Abstract Title:

Oral treatment with live Lactobacillus reuteri inhibits the allergic airway response in mice.

Abstract Source:

Am J Respir Crit Care Med. 2007 Mar 15;175(6):561-9. Epub 2007 Jan 4. PMID: 17204726

Abstract Author(s):

Paul Forsythe, Mark D Inman, John Bienenstock


RATIONALE: Clinical trials have demonstrated that probiotics may be effective in the treatment and prevention of atopic disease in children but there have been few reports of therapeutic effects of oral probiotics outside the gastrointestinal tract. OBJECTIVES: We investigated the effect of two probiotic organisms on the response to antigen challenge in a mouse model of allergic airway inflammation. METHODS: We used an ovalbumin-sensitized asthma model in BALB/c and Toll-like receptor 9-deficient mice. Animals were treated with probiotic organisms via gavaging needle before antigen challenge. After antigen challenge, airway responsiveness to methacholine, influx of inflammatory cells to the lung, and cytokine levels in bronchoalveolar lavage fluid were assessed. RESULTS: Oral treatment with live Lactobacillus reuteri but not Lactobacillus salivarius significantly attenuated the influx of eosinophils to the airway lumen and parenchyma and reduced the levels of tumor necrosis factor, monocyte chemoattractant protein-1, IL-5, and IL-13 in bronchoalveolar lavage fluid of antigen-challenged animals, but there was no change in eotaxin or IL-10. L. reuteri but not L. salivarius also decreased allergen-induced airway hyperresponsiveness. These responses were dependent on Toll-like receptor 9 and were associated with increased activity of indoleamine 2,3-dioxygenase. Killed organisms did not mimic the ability of the live L. reuteri to attenuate inflammation or airway hyperresponsiveness. CONCLUSION: Oral treatment with live L. reuteri can attenuate major characteristics of an asthmatic response in a mouse model of allergic airway inflammation. These results suggest that oral treatment with specific live probiotic strains may have therapeutic potential in the treatment of allergic airway disease.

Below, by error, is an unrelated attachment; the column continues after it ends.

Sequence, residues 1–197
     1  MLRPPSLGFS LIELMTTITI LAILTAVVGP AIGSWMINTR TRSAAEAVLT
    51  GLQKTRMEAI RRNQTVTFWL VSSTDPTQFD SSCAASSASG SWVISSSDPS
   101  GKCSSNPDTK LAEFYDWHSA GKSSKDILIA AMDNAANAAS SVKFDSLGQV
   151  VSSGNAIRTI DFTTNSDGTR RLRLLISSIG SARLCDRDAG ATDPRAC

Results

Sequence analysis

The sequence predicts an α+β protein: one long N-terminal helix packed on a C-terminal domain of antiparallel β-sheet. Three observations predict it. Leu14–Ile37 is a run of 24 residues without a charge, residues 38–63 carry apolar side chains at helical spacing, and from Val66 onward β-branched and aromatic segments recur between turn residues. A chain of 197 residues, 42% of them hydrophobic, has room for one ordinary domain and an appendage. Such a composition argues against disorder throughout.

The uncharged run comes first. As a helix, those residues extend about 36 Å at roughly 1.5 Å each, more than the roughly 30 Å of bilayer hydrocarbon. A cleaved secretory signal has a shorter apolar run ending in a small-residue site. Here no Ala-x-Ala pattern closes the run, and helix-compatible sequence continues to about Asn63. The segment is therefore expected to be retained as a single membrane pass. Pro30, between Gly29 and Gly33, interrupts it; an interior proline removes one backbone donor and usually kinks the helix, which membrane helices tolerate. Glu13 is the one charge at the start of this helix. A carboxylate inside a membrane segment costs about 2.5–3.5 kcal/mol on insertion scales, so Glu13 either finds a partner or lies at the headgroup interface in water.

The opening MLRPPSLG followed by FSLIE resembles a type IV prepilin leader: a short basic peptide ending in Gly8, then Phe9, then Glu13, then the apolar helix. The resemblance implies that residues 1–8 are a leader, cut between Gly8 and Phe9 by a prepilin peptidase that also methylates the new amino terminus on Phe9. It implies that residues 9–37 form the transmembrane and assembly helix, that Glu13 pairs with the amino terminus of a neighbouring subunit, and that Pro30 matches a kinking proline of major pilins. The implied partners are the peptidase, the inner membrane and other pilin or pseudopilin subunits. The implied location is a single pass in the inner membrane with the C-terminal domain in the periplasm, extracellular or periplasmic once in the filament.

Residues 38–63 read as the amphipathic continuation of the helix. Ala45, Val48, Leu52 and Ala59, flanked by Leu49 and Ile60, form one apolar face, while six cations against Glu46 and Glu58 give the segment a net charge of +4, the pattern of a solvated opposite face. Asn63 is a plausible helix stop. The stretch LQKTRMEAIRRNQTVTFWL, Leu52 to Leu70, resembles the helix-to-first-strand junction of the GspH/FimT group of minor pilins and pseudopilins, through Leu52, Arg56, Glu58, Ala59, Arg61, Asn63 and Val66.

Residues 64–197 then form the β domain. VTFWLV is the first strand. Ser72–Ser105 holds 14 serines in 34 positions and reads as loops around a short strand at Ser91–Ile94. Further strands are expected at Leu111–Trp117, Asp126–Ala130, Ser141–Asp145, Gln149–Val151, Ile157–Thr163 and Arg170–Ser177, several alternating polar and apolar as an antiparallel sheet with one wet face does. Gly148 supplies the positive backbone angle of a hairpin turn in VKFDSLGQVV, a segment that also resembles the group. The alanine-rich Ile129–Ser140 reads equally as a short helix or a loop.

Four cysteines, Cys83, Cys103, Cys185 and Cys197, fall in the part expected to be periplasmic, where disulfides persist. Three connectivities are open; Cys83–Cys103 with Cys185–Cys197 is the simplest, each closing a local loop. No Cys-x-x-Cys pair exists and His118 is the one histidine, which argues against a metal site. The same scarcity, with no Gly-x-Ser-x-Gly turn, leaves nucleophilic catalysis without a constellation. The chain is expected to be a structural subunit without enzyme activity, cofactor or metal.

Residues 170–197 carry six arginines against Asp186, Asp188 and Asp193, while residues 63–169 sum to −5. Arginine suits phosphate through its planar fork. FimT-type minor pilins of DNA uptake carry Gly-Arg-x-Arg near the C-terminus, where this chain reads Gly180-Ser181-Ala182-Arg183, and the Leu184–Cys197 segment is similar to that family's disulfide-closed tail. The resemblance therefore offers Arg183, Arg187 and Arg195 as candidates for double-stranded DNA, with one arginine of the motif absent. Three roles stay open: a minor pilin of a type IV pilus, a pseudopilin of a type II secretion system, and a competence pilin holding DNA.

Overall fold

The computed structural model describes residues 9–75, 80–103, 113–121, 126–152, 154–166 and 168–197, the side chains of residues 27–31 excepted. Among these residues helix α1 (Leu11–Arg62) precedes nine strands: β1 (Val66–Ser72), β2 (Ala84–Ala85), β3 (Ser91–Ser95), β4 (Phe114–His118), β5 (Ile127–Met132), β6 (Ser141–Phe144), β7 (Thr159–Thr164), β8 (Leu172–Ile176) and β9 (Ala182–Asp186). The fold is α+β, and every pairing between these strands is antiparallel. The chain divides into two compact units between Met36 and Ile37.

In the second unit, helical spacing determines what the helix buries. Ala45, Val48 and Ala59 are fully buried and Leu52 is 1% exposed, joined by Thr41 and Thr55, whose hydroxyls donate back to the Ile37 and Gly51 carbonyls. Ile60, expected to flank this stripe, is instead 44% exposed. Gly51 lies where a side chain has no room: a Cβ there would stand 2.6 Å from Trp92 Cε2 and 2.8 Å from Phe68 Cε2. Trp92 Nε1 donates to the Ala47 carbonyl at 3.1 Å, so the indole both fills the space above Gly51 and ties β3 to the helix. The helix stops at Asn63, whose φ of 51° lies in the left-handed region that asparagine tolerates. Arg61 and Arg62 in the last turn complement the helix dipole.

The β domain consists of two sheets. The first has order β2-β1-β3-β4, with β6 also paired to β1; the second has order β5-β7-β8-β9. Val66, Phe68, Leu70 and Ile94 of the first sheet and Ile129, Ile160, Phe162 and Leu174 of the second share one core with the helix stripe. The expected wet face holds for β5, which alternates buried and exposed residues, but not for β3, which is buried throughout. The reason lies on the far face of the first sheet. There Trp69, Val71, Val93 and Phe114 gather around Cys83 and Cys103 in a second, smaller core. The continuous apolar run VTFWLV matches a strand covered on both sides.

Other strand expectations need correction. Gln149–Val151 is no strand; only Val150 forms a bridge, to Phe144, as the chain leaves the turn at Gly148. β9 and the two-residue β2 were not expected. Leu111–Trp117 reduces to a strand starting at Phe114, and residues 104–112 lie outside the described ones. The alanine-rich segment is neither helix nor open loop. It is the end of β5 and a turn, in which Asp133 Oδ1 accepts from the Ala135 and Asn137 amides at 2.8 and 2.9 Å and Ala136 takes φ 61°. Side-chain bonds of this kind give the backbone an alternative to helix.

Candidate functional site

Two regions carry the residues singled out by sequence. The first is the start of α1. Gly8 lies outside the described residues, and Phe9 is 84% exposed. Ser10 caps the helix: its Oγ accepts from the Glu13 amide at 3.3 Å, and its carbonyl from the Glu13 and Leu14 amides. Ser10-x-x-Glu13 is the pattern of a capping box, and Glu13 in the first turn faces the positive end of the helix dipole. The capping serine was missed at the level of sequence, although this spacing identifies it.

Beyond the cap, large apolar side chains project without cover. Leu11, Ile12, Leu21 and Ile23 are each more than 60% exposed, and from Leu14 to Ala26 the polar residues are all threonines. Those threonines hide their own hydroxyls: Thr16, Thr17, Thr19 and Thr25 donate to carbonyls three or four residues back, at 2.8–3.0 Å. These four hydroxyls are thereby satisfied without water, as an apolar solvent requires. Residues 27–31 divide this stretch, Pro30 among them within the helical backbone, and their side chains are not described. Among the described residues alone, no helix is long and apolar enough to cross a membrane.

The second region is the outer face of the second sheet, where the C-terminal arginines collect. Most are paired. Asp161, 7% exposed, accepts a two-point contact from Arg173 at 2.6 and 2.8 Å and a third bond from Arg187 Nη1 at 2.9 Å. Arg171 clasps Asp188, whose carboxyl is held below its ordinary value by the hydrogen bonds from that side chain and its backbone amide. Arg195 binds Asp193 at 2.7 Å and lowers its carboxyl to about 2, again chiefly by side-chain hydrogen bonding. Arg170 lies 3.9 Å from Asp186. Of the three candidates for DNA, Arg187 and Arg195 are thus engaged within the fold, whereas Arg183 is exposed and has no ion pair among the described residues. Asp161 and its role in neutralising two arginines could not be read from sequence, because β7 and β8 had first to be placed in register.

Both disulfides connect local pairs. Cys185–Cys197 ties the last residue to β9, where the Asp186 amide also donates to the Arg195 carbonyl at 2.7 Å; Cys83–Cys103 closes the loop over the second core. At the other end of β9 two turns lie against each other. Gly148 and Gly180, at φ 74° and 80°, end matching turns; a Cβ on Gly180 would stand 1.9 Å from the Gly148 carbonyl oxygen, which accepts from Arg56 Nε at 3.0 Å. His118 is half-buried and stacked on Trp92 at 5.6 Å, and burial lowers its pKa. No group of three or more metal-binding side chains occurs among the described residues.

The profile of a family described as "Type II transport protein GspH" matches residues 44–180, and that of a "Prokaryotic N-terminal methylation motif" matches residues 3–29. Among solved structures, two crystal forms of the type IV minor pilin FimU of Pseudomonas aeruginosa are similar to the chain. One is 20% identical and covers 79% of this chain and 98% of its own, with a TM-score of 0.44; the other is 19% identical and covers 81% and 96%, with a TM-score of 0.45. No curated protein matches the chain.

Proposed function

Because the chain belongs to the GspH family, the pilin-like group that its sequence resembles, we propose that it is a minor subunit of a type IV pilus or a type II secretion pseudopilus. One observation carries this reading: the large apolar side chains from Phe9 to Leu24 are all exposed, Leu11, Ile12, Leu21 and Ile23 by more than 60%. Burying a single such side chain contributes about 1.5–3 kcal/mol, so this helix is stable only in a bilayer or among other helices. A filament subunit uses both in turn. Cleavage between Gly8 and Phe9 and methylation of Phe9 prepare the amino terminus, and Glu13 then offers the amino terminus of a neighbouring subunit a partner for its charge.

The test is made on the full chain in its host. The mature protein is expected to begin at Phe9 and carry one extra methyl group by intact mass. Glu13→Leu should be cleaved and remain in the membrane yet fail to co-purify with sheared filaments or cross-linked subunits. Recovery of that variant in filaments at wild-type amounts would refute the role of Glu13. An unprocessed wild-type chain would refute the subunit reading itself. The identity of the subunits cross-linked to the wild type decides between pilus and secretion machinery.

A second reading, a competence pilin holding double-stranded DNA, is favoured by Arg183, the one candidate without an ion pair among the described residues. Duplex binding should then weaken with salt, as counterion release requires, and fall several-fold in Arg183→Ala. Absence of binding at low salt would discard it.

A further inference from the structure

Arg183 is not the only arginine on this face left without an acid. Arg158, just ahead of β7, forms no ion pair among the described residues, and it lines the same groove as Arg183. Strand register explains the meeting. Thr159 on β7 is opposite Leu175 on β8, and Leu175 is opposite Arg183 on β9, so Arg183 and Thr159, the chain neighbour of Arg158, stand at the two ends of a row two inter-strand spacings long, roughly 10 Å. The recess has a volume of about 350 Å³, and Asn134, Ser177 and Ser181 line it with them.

Study Type : Animal Study

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